The world is becoming more complicated every day as the digital revolution continues to evolve. The Internet has made research virtually instantaneous, and thus, has made business faster than ever. It seems at times that there is virtually no separation between working and not working. People are constantly working hard to further their careers by putting in extra effort to stand out; if they don’t, they fear that they will be overtaken by someone else who is putting in that extra effort. Thus, it’s virtually mandatory now to be working beyond the traditional 8A-4P, 9A-5P, 10A-6P time frames. This leads to all new types of stress factors not really present in the workplace of previous generations.
The Need To Do More
Due to the new business culture of working beyond traditional business hours, employees are now expected to do more, whether it’s conducting online research, writing papers, or preparing online presentations. Businesses are hiring fewer workers who are more qualified in many functions rather than just one main function.
Thus, a financial institution may not just want someone who is versed in finance, but who is also versed with graphic design so that he/she can create presentations to show to potential clients in an effort to close important deals. A business would rather hire one employee to do two to three functions nowadays rather than hire two to three separate employees to handle those two to three functions separately.
In the digital age, a business must be as streamlined as possible so that it can maximize revenues and minimize expenses. All of this added responsibility and expectations lead to increased stress on employees. Instead of just focusing on their majors from university, they have to broaden their skill sets to ensure they remain in good standing with their employers and stand the best chance of avoiding the dreaded layoff notice.
The Toll on Family Life
This isn’t the only stress that most employees face. The extra commitment to their careers takes more time and focus away from their families; thus, there is an extra strain on the family unit at home because the employee’s mind is on work-related issues more often than it should. This can spoil those moments when one should be paying attention to his/her partner and/or his/her kids.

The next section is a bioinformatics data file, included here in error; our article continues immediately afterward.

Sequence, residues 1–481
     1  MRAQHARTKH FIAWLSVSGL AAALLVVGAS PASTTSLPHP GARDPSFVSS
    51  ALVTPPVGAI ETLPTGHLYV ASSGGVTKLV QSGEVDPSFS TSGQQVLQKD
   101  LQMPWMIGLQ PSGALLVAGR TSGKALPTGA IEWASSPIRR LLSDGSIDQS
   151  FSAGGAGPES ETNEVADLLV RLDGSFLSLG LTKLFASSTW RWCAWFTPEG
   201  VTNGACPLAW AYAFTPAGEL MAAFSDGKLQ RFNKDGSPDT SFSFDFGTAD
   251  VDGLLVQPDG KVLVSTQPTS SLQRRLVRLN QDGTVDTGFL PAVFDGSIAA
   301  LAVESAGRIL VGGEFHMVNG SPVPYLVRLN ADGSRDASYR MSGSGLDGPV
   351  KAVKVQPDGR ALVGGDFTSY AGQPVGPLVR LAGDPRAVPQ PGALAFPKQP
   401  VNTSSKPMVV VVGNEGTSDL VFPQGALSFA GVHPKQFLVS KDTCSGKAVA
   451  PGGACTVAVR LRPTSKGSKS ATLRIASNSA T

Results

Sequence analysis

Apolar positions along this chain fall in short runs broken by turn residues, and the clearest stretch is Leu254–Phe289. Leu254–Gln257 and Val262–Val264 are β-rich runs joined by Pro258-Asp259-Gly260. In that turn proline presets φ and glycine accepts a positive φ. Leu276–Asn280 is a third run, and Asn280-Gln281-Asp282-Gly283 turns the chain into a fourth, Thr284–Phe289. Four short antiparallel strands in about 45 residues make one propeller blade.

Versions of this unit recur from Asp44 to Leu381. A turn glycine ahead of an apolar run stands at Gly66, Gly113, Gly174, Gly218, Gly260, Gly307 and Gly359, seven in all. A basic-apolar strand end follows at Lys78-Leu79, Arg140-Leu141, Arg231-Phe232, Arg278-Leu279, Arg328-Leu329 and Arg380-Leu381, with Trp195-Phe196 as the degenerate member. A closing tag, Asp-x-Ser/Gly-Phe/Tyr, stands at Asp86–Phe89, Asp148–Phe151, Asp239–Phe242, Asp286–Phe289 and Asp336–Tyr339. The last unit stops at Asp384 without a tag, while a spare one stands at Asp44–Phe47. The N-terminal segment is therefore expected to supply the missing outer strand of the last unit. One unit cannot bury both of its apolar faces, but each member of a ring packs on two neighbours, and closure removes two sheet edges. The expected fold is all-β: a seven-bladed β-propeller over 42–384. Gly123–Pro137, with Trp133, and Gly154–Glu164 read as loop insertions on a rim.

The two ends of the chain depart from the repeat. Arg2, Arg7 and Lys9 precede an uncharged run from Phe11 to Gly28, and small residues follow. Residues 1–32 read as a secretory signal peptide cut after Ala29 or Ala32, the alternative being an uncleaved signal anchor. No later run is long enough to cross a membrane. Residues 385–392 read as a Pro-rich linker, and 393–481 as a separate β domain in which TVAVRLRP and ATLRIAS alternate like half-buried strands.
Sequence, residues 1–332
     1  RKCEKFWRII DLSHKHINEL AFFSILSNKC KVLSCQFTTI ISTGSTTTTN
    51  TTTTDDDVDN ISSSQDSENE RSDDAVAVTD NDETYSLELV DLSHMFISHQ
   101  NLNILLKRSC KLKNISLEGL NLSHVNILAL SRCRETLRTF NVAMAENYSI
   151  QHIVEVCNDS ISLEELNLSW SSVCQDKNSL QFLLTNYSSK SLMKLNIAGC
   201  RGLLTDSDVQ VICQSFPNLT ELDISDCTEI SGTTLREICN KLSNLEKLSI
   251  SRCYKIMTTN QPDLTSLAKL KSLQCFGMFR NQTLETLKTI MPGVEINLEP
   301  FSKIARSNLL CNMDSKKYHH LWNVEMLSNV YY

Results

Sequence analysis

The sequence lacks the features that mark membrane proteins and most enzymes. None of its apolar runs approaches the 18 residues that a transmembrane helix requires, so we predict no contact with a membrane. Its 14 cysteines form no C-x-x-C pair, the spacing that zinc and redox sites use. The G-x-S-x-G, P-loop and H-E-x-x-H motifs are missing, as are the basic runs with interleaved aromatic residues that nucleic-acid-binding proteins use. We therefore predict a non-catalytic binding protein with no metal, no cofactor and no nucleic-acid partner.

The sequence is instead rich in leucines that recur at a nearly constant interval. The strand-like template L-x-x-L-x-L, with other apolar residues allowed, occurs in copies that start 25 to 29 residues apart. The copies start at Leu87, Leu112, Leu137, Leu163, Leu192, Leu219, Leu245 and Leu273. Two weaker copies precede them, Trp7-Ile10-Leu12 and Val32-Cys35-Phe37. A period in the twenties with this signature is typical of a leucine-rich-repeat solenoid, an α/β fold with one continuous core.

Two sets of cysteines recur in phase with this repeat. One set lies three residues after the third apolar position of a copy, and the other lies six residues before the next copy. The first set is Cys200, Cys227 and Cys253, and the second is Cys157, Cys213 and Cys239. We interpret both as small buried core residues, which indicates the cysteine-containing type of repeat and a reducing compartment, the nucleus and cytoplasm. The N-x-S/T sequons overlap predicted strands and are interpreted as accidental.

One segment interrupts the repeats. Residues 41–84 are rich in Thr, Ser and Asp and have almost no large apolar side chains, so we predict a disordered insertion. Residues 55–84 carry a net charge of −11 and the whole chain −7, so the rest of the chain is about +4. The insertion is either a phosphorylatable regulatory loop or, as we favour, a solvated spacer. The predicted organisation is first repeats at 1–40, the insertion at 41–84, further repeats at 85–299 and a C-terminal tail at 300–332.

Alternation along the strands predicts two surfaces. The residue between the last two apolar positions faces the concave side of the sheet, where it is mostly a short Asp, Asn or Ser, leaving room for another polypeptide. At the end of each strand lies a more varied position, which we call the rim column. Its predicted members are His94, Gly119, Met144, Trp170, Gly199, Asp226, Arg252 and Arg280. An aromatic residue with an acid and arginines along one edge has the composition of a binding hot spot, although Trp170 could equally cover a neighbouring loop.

While an employee is certainly not trying to be absent-minded when important family functions come up (i.e. birthdays, anniversaries, picnics, etc.), the pressures and stresses at the workplace can cause an employee’s mind to drift back to the office even when he/she is at home. There is often such a stressful atmosphere at the workplace that it constantly plays on the mind of an employee, preventing him/her from controlling his/her thoughts and emotions, which can spill over into family life. This can be in the form of yelling at one’s partner or children when yelling isn’t called for, etc. Essentially the employee is changed from the person he/she used to be due to the pressures at work.
Some employees are able to handle this increased workload and responsibility through perseverance and the help of family and friends. However, others resort to crutches such as recreational drugs to gain relief from the stress.
Drugs To Relieve The Stress Become An Uncontrollable Habit
At first, an employee will just try a drug because he/she thinks that it will do no harm and give him/her the relief he/she needs from the long, stressful day at work. He/She comes to find out that there is a “high” involved with the drug, causing the person to feel a euphoria that he/she hasn’t felt in a long time, if ever. The person likes this feeling, this “high,” that he/she feels from the drug. This leads him/her to go back to the drug on a repeated basis.
WebMD describes the behavior of drug addiction as a “chronic, often relapsing brain disease that causes compulsive drug seeking and use, despite harmful consequences to the drug addict and those around them.”1 This leads to changes in the structure and function of the brain itself; this is why, contrary to popular belief, drugs are often not a voluntary choice. Yes, the initial decision to take a drug is usually voluntary, but repeated use of it is often due to a subconscious desire and lack of control because of the changes in the normal structure and function of the brain. The repetitious drug use becomes an uncontrollable habit that is best remedied by combining behavioral therapy with addiction treatment medications.2
In order for an employee to receive that treatment, however, he/she needs to undergo drug screenings to determine that the employee has a drug addiction. Mediscreen is a NATA accredited national provider of on-site drug and alcohol testing support services that can help businesses identify employees who suffer from drug addictions so they can get the help they need.
- “Drug Abuse, Addiction, and the Brain,” WebMD Medical Reference from MedicineNet (reviewed by Joseph Goldberg, MD, October 10, 2012), http://bit.ly/T796vT.